Saturday, 19 January 2008

Unforeseen Thrills for 2008

Thought I'd start this thing off with a broad, shallow minded post before I attempt the deeper subjects (no doubt reluctantly including the 'Are Games Art?' and Manhunt 2 debates...) So, 2007, great year right? But looks what's coming for us. Quite a lot indeed is what. Well, I'm sure you're aware that GTAIV, MGS4 and SMBB are reasonably big titles on the horizon, so I'll push those, along with their friends, to the side and express my anticipated button tapping for the slightly more overlooked games. You may find something new, it'll make me feel more sophisticated, so why not?


Braid is for Xbox Live Arcade and is entirely created by Jonathon Blow, a man of many interesting gaming philosophies, many of which I agree with. His wide criticism for modern videogames (avid Halo fan he is not) leave me confident that a game created independently by himself will not disappoint in quality. Its time shifting focused gameplay in a luscious 2D platformer/puzzle world not only looks great, but managed to win "Best Innovation in Game Design" at IGF '06. You can count that its time playing will be far more complex and interesting that what's found in Prince of Persia.

Brutal Legend

Looking at the screens it may not look like much is happening here. A quirky hack n' slasher with that 'not quite as funny as he used to be' Jack Black doing the voice over for the lead character? On first glance it looks like someone was making a Dynasty' clone before realizing that 'Guitar Hero ain't selling half bad', - cue a quick change of theme and setting and voilĂ ! That's what I'd be saying at least if Tim Schafer wasn't behind the thing. He's proberbly the only game developer who has a 100% perfect record - he's literally never made a game that didn't go down in the history books, from Monkey Island to Psychonauts. As such, I believe this shall be fantastic.

Mirror's Edge

Mirror’s Edge can be simply summed up as 'the most first-person of first-person shooters'. It's amazing that even in the latest and graphically advanced shooters, a quick glance at the floor will reveal you have no legs or feet. This game has the lot, knees, elbows, forearms - all moving realistically as you leap and lunge parkour-style around the spotless metropolis this game takes place in. Finally, running down a corridor from a stream of chasing bullets will be as frightening as it should be, with the camera (your head) shaking violently with every stride, your arms flailing rapidly within eye shot. Keep an eye on this one. I wouldn't be surprised if it influenced many future shooters in the coming years.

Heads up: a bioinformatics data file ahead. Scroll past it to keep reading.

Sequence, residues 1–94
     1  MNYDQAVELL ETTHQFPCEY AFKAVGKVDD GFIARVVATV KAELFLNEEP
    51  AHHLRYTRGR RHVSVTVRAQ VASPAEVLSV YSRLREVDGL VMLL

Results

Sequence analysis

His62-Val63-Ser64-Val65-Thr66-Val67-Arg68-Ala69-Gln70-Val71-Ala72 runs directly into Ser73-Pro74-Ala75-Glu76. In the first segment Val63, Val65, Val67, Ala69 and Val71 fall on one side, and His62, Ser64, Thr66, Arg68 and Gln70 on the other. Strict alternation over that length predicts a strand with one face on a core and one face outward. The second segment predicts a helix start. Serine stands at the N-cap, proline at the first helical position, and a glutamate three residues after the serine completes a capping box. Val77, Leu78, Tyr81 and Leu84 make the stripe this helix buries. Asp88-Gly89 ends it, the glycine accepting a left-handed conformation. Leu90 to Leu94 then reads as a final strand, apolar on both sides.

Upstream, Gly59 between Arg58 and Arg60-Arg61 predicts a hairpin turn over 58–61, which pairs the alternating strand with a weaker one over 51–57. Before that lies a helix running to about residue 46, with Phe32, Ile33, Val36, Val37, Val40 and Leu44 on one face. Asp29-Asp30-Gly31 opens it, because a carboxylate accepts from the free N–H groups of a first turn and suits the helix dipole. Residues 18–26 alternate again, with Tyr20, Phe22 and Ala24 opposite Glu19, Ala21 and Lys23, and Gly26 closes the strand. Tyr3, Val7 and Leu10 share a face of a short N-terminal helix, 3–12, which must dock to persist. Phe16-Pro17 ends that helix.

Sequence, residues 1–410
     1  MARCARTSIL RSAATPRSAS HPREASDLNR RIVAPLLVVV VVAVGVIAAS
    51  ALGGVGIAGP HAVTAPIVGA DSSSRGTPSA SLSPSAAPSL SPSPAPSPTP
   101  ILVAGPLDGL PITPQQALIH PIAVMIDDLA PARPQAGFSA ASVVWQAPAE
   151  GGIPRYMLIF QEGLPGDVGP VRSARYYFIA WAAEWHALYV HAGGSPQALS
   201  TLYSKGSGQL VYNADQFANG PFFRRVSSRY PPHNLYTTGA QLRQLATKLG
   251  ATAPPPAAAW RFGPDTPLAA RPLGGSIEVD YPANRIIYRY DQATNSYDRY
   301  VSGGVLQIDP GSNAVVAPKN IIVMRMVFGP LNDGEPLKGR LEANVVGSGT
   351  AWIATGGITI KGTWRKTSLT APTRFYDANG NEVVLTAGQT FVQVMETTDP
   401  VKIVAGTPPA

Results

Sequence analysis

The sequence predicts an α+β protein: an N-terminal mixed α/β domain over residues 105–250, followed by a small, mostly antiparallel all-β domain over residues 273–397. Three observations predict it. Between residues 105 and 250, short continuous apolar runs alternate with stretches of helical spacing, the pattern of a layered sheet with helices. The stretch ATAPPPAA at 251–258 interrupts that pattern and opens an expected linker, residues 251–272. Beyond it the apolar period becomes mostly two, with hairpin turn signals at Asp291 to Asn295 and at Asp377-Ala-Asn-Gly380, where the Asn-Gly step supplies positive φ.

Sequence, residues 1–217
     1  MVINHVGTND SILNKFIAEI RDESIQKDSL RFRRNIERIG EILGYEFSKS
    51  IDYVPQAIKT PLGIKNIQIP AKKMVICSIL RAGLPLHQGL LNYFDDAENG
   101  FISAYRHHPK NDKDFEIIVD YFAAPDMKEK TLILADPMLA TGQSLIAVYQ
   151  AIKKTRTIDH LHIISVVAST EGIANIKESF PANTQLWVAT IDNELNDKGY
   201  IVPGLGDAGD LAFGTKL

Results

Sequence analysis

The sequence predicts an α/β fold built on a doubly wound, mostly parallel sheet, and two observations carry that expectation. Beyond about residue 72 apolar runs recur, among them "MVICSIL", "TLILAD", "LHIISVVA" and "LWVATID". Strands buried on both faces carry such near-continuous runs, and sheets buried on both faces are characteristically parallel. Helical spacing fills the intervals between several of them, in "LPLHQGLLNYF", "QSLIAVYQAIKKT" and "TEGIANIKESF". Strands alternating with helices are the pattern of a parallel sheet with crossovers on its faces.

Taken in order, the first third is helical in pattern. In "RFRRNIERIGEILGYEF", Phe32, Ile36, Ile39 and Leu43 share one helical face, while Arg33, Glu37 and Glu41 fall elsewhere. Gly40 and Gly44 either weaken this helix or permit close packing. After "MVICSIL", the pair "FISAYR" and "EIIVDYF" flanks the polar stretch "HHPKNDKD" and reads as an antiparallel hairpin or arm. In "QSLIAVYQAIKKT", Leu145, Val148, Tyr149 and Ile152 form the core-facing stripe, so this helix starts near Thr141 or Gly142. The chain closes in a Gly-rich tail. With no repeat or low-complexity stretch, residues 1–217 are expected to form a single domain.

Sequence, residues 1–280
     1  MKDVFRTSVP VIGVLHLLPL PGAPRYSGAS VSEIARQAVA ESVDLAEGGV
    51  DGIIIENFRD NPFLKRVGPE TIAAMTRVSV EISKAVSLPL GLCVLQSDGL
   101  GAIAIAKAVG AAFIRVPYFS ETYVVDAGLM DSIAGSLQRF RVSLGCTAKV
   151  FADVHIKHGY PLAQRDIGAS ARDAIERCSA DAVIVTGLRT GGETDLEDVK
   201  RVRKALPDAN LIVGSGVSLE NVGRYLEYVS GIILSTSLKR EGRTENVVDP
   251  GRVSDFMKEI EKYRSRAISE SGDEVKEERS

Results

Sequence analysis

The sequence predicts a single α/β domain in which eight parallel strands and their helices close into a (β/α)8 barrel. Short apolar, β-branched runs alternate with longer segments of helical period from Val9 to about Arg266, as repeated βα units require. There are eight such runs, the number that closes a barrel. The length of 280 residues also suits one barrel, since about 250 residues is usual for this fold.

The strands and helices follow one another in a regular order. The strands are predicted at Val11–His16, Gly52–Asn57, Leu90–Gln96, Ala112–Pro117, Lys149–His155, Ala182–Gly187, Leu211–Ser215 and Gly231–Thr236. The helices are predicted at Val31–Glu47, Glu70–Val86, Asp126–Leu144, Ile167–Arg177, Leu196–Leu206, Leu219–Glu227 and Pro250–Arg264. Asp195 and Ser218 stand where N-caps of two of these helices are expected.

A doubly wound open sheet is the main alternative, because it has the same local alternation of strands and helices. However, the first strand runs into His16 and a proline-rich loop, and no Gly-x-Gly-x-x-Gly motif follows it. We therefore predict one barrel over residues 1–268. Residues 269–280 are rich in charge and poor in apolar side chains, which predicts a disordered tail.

Heavy Rain

Can't say much about this one, because other than a short teaser video showing off some pretty realistic tears back at E3 '06, there's been nothing to speak of. But the guys behind it at Quantic Dream last showed what they were capable of with the overlooked Fahrenheit (or Indigo Prophesy in the US). It wasn't perfect, but I generally found it refreshing. Not many action games have gameplay that draws similarities with both The Sims and Dance Dance Revolution. Maybe their next effort will accomplish the same effect with a better level of polish. Consider me intrigued to say the least.

The Crossing

Innovation can come in many ways. In this instance, it comes in complete confusion. Basically, Arkane Studios want to deliver an FPS where the singleplayer and multiplayer intertwine. To give quick examples how, if playing singleplayer the enemies around may sometimes be real life players. Or when playing an objective 2-team multiplayer game, a singleplayer guy could walk right into the middle of it tasked with aiding one side. It gets stranger than that, but whether it's easy to understand or not, it's certainly an interesting concept. Set in a distorted Paris which is still under the rule of the Templar’s, and powered by the Source engine, it has artistic quality too. If Arkane can get their ideas to work it could be a great game.